The challenge for the oil industry working on net-zero and net profits

Finance, Policy and Climate Action

The challenge for the oil industry working on net-zero and net profits

International oil businesses are being forced to adapt their long-term strategies and review their plans to meet investor demands. 

Environmental pressures are poised to continue having a significant impact on the oil industry. As pressure mounts from climate and investor plans, legal challenges and investment patterns are transforming, oil businesses must focus on profits and emissions. The shift from rebranding their image to adapting their business strategies involves many challenges for the oil and gas industry. 

In the last month, shareholders at Chevron voted to approve new reduction targets, while investors at ExxonMobil approved directors working to take more bold and ambitious steps towards tackling climate change. A regional court in the Netherlands also recently instructed Shell to accelerate reductions in its carbon footprint by 45% worldwide by 2030, in a case pushed forward by climate activists. These recent events highlight the mounting risk of climate litigation on energy businesses, particularly this year before the start of the COP26 climate summit.

Studies suggest that recent events have shifted the power structure within the investment class towards stronger activism, forcing businesses to seriously reevaluate their long term future.

Recent pressure from the boardroom and in courts on global oil businesses and other fossil fuel companies will inevitably continue to intensify, making it more challenging to meet the demands of shareholders for profits and emissions reductions. Oil businesses will be increasingly pressured in balancing financial returns with the necessity to decarbonise.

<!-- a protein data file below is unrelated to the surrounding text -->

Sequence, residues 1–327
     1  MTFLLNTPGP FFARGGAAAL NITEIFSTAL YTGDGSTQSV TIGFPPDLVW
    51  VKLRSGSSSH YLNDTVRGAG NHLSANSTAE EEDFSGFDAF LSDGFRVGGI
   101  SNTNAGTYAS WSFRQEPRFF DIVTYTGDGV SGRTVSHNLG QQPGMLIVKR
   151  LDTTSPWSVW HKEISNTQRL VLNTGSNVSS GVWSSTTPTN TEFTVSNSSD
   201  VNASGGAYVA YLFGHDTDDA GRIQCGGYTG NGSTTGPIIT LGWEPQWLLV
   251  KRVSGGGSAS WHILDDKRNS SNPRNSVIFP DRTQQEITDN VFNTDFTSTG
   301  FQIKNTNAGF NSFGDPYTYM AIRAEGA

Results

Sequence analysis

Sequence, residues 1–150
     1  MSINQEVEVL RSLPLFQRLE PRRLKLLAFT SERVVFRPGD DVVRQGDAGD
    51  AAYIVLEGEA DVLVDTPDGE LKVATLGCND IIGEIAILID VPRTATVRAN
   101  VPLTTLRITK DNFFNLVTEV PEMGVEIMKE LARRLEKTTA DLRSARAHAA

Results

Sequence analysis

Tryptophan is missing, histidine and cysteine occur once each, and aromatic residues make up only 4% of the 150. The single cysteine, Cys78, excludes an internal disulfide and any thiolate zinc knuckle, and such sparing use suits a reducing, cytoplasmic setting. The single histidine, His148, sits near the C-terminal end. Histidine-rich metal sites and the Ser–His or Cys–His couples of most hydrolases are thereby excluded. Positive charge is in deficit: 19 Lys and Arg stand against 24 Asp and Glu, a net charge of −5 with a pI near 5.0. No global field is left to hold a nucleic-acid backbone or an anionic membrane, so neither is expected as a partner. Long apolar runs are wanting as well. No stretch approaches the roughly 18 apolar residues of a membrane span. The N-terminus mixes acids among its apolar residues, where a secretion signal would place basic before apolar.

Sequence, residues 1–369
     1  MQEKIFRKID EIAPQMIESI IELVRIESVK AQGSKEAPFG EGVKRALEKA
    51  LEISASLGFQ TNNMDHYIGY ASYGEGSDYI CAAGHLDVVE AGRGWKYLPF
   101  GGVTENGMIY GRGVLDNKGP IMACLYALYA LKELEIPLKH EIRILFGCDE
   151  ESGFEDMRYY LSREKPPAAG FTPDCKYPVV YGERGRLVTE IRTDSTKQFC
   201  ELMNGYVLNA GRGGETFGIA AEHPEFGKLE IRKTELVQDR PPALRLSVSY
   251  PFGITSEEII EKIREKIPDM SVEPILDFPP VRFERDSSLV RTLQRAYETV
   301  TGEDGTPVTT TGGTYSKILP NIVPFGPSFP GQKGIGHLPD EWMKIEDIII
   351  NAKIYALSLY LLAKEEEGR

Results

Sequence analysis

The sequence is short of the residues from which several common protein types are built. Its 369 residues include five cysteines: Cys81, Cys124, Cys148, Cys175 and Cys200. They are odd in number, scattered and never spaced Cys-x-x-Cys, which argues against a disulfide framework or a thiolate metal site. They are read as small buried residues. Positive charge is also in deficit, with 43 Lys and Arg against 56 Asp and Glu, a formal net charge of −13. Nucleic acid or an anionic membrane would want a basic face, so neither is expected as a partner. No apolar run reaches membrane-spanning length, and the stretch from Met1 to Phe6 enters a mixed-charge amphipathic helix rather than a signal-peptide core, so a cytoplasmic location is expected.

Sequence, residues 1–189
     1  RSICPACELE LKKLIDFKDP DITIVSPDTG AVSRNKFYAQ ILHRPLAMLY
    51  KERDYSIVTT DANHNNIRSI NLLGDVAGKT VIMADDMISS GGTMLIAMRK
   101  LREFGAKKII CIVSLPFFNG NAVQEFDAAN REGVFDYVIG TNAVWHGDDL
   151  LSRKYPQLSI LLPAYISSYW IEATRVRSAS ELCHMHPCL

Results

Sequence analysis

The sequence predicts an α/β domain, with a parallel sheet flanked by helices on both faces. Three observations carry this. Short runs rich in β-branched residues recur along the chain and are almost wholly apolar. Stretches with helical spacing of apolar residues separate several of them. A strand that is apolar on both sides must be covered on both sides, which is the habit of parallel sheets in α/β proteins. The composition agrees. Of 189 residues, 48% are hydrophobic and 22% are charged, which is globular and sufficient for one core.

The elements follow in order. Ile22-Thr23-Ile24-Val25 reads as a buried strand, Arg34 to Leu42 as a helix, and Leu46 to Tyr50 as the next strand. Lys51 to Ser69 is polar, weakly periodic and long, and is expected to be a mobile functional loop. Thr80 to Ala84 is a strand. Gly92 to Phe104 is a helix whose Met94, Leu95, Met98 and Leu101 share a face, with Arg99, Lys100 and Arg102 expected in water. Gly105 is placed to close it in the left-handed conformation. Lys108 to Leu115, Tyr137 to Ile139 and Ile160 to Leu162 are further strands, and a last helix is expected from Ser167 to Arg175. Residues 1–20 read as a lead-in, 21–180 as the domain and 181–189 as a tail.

Recent events like the ones mentioned are raising the bar for oil and gas businesses and showing that they could be held legally responsible for their role in climate change and executives that show little action could potentially lose their positions. International oil businesses will continue to face heightened scrutiny from stakeholders and force many large oil businesses to reconsider where to focus and deploy their current and future resources. 

Several larger European majors have already started making strategic plans to adapt their business models and expand beyond just oil and gas. Several major oil businesses are focusing on enhancing their green credentials and committing to reducing their carbon footprint.

According to reports by the International Energy Agency, the total investment share by the oil and gas industry into clean energy could increase more than 4% this year, a rise from 1% in 2020. So while it is moving in the right direction, there is still a long way to go. The IEA recently published an ambitious roadmap for global energy to become net-zero by 2050 and explained that the $750 billion due to be invested in clean energy technology this year was not sufficient to meet the Paris Climate targets on global warming.

Future trends in the oil industry will depend on how global oil demand reacts to the rising energy transition movement. Analytics anticipates that global oil demand will recover from the lows experienced during the pandemic into 2023, but will grow slowly at best until 2040. Aside from exiting oil and gas altogether, global oil businesses will focus on reducing their carbon footprint by implementing new strategies, moving towards less carbon-intensive production and investing in carbon capturing and other technologies. 

For the time being, there are still many oil majors balancing a position between targeting climate goals and remaining focused on shareholder returns, to meet the demands of both sides. Until there is more clarity on the demand side, this tricky balance between climate strategy and investor return will continue for a little more time.


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